Wednesday, August 01, 2007

Media Ethics and Deception

It's been hard to move in the UK recently for the media handwringing and mea culpas at the discovery of an apparent spate of deception in the TV industry. First, the Queen didn't storm out from her photo session with Annie Leibowitz; and now it appears that a man's death of Alzheimer's that was shown on television earlier this week was not in fact his death. The chief philosophical question this raises is: what it to be honest when you are editing a documentary?

The cases of the Queen and of the Alzheimer's sufferer are relatively straightforward. In both cases, something was shown as happening when in fact it did not. And it seems reasonable to think that this is dishonest.

But what should our criteria for honesty in editing be? A documentary - if it is to have anything like a popular appeal - needs a story arc. It needs to introduce characters, get us involved in their fates, and interested enough to see how their story develops. But clearly the subjects of the documentary will be ordinary people, with messy ordinary lives which do not usually conform to the dictates of a well structured narrative. So it looks like the very process of structuring someone's life into a coherent narrative will involve a kind of falsification. So what is to be done?

One option might be to think of editing as a form of interpretation, and transform the question of truth in editing into one of truth in interpretation. But it looks like it will be forbiddingly difficult to flesh out an account of what it is for an interpretation to be correct. So, currently I'm becoming increasingly tempted by the thought that we should pass the buck on the problem of truth here, and focus our moral attention instead on ensuring that no one is wronged by the documentary that results. So long as no one has a reasonable complaint about the way they have been portrayed, we need not worry about the truth in this context.


David Hunter said...

I see why passing the buck is tempting here, and the question of who is wronged is an important question to ask in any case. But I'm inclined to think that a documentary is aimed at being a presentation of the truth, not just a nice story. The problem is we want documentaries to play a special role, that of representing reality in a way that other types of shows don't.

So if a show is just presenting a nice story, that is fine, but we ought not refer to it as a documentary. (Reality TV presents a special problem here I think)

This of course doesn't resolve the issue of how much editing or selective quoting is compatible with presenting the truth. I would say that there is some leeway here. What I would think most editors should try and do is shoot a considerable amount of footage and then hopefully find footage that fits into a story arc or a hook that will keep the viewer interested without misleading them. A tricky job of course.

Anonymous said...

Hi James,

Nice question. Insofar as an appreciably large amount of our beliefs about the world are formed on based upon film, photography, and the media alone, I think these sorts of deceptive practices are really detrimental to our whole knowledge-gaining enterprise. (As an illustration of the above point, consider that the vast majority of us would, if asked, unhesitatingly claim to know what Winston Churchill, the pyramids of Egypt, or a Duck-billed Platypus look like, say. Such knowledge is, for most of us, based on photography and film alone, rather than first hand perceptual experience of the world.)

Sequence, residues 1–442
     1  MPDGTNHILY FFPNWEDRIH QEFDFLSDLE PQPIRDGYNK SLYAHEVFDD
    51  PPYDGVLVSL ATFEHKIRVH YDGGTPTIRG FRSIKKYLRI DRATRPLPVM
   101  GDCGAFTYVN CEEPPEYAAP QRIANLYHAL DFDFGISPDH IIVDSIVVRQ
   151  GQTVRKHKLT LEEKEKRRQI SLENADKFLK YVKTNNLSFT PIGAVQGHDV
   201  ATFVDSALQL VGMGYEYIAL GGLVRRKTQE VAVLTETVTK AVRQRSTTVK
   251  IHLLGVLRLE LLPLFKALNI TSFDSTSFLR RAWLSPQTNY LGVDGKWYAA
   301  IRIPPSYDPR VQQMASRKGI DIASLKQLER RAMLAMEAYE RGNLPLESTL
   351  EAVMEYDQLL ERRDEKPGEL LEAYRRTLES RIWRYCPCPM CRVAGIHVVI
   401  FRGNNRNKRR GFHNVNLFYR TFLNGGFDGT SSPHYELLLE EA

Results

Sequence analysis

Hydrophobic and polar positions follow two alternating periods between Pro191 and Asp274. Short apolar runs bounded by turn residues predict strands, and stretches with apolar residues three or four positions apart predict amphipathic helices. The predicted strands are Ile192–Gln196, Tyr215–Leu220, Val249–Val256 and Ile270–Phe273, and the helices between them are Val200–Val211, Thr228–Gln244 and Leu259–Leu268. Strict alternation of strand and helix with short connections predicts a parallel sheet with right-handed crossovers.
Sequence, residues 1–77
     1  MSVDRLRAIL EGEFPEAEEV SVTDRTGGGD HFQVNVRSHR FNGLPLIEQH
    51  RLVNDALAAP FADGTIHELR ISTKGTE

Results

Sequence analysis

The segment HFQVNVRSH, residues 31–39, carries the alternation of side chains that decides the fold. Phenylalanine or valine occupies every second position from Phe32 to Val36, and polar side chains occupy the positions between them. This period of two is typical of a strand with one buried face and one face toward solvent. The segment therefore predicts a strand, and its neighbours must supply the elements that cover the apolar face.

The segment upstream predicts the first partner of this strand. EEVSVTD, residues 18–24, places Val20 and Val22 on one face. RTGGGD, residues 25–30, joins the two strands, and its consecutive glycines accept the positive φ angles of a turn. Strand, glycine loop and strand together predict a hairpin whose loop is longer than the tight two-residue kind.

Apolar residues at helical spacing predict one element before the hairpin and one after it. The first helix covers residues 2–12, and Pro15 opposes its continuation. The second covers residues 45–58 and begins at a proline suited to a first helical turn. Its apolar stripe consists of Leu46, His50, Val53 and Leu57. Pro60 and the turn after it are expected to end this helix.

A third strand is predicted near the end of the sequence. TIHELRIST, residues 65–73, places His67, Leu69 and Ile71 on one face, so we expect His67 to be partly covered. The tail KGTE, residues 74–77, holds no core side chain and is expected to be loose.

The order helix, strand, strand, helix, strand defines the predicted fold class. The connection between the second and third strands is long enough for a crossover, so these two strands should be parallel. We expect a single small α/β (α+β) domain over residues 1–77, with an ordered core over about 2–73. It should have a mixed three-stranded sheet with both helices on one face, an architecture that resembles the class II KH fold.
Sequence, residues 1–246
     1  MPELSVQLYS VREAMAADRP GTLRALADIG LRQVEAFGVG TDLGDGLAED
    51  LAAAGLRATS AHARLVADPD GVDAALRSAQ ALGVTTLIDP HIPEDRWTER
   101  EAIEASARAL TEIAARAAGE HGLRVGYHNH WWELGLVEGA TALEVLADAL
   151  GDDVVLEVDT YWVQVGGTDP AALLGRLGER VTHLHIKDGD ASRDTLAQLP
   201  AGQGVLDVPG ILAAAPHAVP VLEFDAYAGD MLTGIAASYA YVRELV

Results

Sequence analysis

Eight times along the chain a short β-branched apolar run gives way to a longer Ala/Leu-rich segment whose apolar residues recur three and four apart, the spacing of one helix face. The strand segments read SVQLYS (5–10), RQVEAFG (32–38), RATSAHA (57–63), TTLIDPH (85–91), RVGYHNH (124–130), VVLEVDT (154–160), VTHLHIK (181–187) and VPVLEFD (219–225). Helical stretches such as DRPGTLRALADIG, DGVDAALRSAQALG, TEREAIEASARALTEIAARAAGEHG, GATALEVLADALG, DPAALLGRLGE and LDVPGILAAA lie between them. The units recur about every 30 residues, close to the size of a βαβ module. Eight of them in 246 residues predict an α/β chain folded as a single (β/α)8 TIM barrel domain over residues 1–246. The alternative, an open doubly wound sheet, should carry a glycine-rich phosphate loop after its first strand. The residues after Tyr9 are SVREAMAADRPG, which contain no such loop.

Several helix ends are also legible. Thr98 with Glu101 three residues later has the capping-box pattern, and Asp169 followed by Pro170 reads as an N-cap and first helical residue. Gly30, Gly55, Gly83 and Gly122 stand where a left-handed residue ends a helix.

Insofar as self-knowledge of our own personalities and dispositions is not something that persons are always very good at (I think my friends and family are probably better judges of my long term personality traits than I am), I'm not sure I agree with this:

So long as no one has a reasonable complaint about the way they have been portrayed, we need not worry about the truth in this context.

Also, suppose the Queen didn't mind being portrayed as storming out of the photo shoot because, as it turns out, that's what she wished she had actually done! So suppose she has no complaint about how she was portrayed, even though she has been falsely depicted as doing something she did not, in fact, do. My intuition is that this wouldn't make the editorial decision in question any less deplorable.

James Wilson said...

Dan: I think you're right here. In general, the subjects of the documentary will be happy to be presented in a way that flatters them, and so it is hard to see how the subjects could claim to be wronged by a sycophantic documentary of them. (As Joe Orton once said, when accused of libelling Winston Churchill in his play What the Butler Saw by implying that Churchill was particularly well endowed: "I wouldn't sue anybody for saying that I had a big prick. No man would. In fact, I might pay them to do that.")

But nonetheless something has gone wrong in these types of case. The buckpassing account will have to refer to the audience here. According to it, the audience has a legitimate interest in not being deceived, and so one is wronged qua audience member by shoddy and deceptive documentary practices, even were these practices do not wrong the subjects of the documentary.

David: you're now going to ask me how I'll explain what it is to be wronged as an audience member without explaining this in terms of the documentary's failing to present the truth. I agree there is a worry here. I'm hoping that we can get away with it though. What we'll do is to demand specific complaints from audience members, which would have to be countered by specific responses by a programme maker. (In "Objectivity and Truth", Ronald Dworkin argues that we can basically adopt this strategy across the board: we can give up on debates on realism/antirealism, and simply confine ourselves to first-order moral arguments about what is right and what is wrong in specific circumstances).